Tuesday, 12 April 2011

Thylacine (The Tasmanian Tiger)

This Epic creature was the largest known carnivorous marsupial of modern times. The reason I used past tense is because it is now extinct, mostly because of the bounty that was put on them in their native lands (mostly in Tasmania but somewhat in Australia and New Guinea.) Also, competition from indigenous humans contributed to their extinction as well. They were seen as a threat to the farmer's sheep and chickens, there was a picture passed around in 1921 of a Thylacine with a chicken in its mouth, this help to secure the animals reputation as a poultry thief. This picture was later proved to be fake as it was a mounted Thylacine. For the most part, hunters are the reason the Thylacine is extinct!

The Thylacine has been around for about 23 million years (that is the oldest fossil evidence) and was officially labeled extinct in 1982 being that no proof of their existence was proved over the last 50 years prior. There have been 3800 reported sightings since it's extinction in 1932 but none have been proven. There are preserved specimens saved and research projects being held to try and clone them to bring them back, I wonder if John Hammond is funding them. Is that really a good idea to clone them, if that succeeds than what's going to stop them from making Jurassic Park and I don't think we'll have a Dr. Alan Grant to save us this time.

Two things about this creature that make them very unique is its pouch (which it gives birth to it's under developed young in) opens at its rear so it looks backwards to a Kangaroo pouch. It also can open its jaw at 120 degrees angle, making it look like something from a Stephen King novel or a John Carpenter.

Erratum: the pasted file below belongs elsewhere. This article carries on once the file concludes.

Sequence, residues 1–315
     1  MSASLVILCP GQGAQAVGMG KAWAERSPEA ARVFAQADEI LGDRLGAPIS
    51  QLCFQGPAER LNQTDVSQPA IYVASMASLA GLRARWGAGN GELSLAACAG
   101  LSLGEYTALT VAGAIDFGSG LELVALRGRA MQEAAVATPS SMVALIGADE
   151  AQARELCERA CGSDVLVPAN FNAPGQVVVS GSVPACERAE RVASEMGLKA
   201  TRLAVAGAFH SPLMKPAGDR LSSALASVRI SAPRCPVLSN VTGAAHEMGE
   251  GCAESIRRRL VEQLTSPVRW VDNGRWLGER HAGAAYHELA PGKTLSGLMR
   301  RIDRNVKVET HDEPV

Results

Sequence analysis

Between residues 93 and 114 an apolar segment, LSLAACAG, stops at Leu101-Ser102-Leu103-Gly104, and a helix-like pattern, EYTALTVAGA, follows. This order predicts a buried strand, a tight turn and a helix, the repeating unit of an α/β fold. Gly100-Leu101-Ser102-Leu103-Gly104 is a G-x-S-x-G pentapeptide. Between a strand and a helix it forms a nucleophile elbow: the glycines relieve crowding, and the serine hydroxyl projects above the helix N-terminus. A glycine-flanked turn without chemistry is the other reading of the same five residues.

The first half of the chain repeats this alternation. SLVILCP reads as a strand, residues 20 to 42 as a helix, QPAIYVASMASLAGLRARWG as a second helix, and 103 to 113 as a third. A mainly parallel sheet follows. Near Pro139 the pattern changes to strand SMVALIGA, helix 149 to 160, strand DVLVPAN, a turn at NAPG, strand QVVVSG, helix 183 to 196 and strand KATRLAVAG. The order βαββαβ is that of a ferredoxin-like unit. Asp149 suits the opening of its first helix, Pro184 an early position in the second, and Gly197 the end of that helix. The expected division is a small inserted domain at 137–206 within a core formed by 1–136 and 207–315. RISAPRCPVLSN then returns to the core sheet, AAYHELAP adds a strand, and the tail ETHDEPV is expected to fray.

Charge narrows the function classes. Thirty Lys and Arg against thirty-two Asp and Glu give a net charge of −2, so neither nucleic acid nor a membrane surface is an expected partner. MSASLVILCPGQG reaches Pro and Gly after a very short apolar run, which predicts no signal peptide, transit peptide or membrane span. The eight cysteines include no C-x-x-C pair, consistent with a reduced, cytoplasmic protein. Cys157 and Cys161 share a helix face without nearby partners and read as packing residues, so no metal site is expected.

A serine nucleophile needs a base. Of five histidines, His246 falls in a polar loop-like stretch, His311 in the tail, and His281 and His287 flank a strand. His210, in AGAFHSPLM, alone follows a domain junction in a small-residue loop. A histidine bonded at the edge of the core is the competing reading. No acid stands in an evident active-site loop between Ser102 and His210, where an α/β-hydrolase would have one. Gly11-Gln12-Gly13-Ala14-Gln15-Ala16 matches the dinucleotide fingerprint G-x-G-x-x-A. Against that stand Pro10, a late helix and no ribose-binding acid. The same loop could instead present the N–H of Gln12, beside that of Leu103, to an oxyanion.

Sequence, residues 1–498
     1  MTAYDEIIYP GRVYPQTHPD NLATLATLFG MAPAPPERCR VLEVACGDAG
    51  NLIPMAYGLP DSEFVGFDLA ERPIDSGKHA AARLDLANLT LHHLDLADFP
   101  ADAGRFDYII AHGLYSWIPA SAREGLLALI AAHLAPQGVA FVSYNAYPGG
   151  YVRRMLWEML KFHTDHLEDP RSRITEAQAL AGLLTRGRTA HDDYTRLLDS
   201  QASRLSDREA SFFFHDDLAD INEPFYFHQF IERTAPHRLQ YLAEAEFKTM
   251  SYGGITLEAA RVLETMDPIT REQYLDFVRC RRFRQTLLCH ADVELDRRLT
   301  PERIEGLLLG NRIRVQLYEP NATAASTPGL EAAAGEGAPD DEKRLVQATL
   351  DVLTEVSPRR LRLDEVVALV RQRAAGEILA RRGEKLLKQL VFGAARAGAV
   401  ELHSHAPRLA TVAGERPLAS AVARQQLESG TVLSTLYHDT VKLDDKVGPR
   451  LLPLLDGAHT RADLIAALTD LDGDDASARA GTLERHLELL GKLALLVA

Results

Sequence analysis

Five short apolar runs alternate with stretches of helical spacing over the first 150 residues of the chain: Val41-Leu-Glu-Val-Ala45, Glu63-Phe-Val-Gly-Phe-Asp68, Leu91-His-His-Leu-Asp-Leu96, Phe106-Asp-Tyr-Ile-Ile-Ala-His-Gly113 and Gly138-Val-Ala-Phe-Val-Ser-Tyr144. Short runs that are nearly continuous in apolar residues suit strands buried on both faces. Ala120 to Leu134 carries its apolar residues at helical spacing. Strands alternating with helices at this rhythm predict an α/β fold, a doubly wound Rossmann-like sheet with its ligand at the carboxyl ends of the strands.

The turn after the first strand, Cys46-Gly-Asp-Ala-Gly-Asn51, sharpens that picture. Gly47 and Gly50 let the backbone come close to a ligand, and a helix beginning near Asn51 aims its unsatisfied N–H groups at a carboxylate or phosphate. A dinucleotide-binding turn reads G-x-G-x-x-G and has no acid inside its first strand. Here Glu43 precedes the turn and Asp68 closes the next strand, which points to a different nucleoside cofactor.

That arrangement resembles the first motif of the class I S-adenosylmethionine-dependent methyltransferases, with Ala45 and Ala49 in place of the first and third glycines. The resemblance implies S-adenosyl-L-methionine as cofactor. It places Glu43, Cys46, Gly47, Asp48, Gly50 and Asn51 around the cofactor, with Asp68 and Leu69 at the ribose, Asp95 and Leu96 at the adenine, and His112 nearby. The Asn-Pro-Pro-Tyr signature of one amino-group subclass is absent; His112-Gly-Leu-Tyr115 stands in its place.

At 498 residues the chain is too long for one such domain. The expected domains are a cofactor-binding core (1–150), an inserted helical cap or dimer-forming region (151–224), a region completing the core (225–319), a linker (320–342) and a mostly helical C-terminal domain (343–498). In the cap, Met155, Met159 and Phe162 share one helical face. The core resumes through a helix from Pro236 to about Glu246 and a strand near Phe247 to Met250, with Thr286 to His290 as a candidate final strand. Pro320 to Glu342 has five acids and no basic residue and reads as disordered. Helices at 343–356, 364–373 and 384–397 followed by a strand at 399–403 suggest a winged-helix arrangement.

The Thylacine is a nocturnal predator, which is the reason why there are disputes on whether the Dingo was competition for them as the Dingo was diurnal (meaning it is active during the day). The Thylacine resembles a large, short-haired dog with a stiff tail that smoothly extended from its body, very much like a Kangaroo, not surprising since they are both marsupials. They have brown fur on their backs and cream-brown fur on their belly, they also have 13 to 21 stripes on it’s lower back which is what gives it the nickname "Tiger". They were not very fast runners but have excellent stamina, they would chase their prey down until it got too tired, they were also ambush predators. They hunted kangaroos, wallabies, wombats, birds and small animals.

They were not very aggressive animals although people thought they were, probably because of the “threat” to farm animals. They were defensive though, they would growl and/or hiss followed by a threat yawn where they would show you how huge their mouth/jaw was and how wide it can open, basically saying "Don't mess with me, I’m scary looking!" They lived in large packs and bred year round as zoos reported joeys being spotted in the pouch at all times of the year.

There have been some cultural references to Thylacines, for example it is in the Tasmanian Coat of Arms, the cartoon Taz-Mania featured Wendell T. Wolf, which resembled a Thylacine and my favorite reference is in the book Leviathan by Scott Westerfeld. In Leviathan Dr. Barlow's character has a pet Thylacine named Tazza, many of the characters are surprised to learn that it is a natural creature and not one that is altered by Darwinist Scientists.

I deem the Thylacine Epic for its ability to open its jaw 120 degrees and look menacing! That is more than enough to be Epic for me!

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